With the tragic mass shootings in Dayton, Ohio and El Paso, Texas earlier this month, the topic of video games and violence has been brought to public attention again. However unlike previous times this has happened the public is not buying the claims of any link, for good reason.

The topic of how violent video games affect youth has been around since 1993, when US senators Joe Liebermann and Herbert Kohl brought the issue to the public eye, leading to the creation of the Entertainment Software Ratings Board (ESRB), which would be responsible for rating games and researching the impact of violent video games on youth. The public remained skeptical and it wasn’t until 2011 that the US Supreme Court declared video games a protected form of free speech. The Supreme Court noted that children have been exposed to many forms of violent media, from cartoons like Looney Toons to school reading such as the Grimm Fairy Tales.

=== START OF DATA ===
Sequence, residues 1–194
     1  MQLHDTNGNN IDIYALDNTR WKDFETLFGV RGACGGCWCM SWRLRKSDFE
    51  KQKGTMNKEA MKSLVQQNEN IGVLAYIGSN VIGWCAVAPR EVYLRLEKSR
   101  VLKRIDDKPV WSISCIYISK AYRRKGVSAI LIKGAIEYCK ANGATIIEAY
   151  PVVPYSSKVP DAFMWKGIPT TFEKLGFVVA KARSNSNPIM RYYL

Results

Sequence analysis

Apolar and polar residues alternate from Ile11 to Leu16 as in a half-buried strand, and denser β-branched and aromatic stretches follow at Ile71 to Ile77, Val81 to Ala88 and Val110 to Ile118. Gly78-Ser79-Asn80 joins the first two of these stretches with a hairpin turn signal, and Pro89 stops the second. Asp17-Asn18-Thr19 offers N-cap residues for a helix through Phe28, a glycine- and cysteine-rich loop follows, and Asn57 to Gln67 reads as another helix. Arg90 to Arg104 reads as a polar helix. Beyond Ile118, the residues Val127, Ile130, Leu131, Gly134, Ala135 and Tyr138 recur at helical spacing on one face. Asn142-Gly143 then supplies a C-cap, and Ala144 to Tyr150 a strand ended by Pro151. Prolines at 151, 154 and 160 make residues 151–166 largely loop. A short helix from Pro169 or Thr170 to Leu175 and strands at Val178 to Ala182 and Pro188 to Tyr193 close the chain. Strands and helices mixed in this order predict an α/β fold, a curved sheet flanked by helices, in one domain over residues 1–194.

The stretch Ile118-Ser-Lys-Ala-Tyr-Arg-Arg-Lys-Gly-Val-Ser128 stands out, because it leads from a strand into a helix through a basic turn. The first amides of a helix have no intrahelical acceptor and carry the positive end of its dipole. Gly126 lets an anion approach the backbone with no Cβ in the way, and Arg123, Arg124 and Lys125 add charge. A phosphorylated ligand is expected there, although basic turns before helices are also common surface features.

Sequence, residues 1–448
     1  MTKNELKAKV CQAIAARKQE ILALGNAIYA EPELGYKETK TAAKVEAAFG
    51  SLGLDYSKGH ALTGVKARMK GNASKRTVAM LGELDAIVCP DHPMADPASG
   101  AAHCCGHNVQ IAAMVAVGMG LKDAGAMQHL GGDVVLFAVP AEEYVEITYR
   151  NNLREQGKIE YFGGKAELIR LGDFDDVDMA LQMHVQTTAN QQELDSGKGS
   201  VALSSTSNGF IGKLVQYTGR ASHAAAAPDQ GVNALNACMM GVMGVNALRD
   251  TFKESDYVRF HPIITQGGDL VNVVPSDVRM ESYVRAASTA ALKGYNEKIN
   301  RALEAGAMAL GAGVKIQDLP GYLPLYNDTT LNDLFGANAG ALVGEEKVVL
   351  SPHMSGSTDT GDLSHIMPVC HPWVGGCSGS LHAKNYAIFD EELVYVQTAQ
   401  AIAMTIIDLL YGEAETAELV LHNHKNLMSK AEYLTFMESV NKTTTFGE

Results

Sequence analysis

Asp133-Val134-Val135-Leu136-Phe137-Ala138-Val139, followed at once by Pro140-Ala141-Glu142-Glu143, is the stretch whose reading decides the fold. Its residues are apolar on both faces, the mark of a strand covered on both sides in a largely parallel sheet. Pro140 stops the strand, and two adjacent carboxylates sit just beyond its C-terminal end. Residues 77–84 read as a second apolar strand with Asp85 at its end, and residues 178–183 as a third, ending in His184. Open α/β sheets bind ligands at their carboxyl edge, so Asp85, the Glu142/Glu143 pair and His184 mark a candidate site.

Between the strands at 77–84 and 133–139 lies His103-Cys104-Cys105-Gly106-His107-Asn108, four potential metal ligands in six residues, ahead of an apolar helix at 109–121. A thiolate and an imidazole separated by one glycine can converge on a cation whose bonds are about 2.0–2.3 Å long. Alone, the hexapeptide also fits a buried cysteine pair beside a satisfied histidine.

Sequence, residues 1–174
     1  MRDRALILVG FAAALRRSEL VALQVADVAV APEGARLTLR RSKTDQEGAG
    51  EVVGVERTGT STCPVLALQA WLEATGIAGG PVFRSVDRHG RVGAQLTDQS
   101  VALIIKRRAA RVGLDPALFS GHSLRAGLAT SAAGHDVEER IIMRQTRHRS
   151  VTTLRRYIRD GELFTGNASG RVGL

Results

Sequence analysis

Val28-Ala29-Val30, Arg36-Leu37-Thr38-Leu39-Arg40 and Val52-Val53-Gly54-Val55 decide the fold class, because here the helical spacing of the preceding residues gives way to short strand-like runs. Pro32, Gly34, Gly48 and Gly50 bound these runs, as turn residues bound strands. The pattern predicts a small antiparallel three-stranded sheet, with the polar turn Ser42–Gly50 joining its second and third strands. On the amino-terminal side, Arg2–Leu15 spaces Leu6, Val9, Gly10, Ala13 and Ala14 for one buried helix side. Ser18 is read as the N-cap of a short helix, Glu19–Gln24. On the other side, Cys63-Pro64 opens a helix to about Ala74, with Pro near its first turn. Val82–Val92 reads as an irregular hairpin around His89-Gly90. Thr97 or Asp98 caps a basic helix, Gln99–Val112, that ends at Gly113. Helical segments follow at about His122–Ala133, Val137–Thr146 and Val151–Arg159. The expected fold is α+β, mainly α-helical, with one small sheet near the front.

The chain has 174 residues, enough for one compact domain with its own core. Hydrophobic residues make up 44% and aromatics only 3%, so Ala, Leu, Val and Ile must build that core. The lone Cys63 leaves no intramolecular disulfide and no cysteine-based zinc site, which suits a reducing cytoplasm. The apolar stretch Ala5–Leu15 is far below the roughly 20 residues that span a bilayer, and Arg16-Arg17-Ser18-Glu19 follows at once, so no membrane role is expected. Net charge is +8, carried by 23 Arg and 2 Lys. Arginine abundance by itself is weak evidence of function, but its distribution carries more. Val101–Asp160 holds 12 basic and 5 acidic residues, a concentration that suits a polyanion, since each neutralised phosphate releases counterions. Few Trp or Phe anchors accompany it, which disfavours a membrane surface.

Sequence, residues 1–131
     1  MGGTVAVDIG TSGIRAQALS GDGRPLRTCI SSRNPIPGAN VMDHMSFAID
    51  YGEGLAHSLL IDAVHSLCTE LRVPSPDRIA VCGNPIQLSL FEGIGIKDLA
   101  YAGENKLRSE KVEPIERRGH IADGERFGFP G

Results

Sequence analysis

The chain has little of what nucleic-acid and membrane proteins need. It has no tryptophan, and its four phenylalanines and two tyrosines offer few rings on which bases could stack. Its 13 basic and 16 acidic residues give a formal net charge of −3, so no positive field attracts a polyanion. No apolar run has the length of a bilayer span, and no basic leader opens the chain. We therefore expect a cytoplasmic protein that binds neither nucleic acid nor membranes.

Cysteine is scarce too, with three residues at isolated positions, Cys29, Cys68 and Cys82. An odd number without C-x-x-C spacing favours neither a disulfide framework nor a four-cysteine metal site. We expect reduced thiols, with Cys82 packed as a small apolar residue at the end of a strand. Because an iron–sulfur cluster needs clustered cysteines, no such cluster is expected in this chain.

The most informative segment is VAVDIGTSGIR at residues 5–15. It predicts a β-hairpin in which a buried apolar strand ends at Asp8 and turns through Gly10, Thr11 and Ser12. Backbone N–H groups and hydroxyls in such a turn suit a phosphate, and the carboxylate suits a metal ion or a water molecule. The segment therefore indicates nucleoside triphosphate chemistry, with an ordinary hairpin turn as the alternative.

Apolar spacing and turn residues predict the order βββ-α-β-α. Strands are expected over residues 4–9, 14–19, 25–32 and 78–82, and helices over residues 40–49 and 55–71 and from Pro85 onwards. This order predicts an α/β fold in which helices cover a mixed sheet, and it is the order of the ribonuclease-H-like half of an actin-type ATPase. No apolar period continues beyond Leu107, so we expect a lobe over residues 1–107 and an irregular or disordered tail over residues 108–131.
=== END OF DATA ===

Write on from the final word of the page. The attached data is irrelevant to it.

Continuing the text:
Since then, public opinion has matured a lot towards video games as more and more research has focused on the benefits of video games and we have come to understand it more. However, there are still those who are critical of video games and claim they are a form of violence, such as President Trump, who blames video games as the cause of violence in youth that lead to the mass shootings in early August. However the media and public were quick to jump back, calling Trump, a massive supporter of the NRA, out for being a hypocrite. People pointed out one of the best arguments against video games being the cause of gun violence in children – that video games are very popular in Japan and South Korea, two countries with nowhere near the number of mass shootings that the US has every year.

As video games have grown, so has the public. In 1993, we had no frame of reference for video games or how the affected our children. Now, 26 years later, kids who played video games in the early 1990s have grown up and have kids of their own. They have a much better idea of what video games are and how to put games, as well as other media, into context. The most recent studies have shown no links between aggression and games. In many cases, the effect is the opposite – engaging in team esports creates a sense of belonging and improves integration.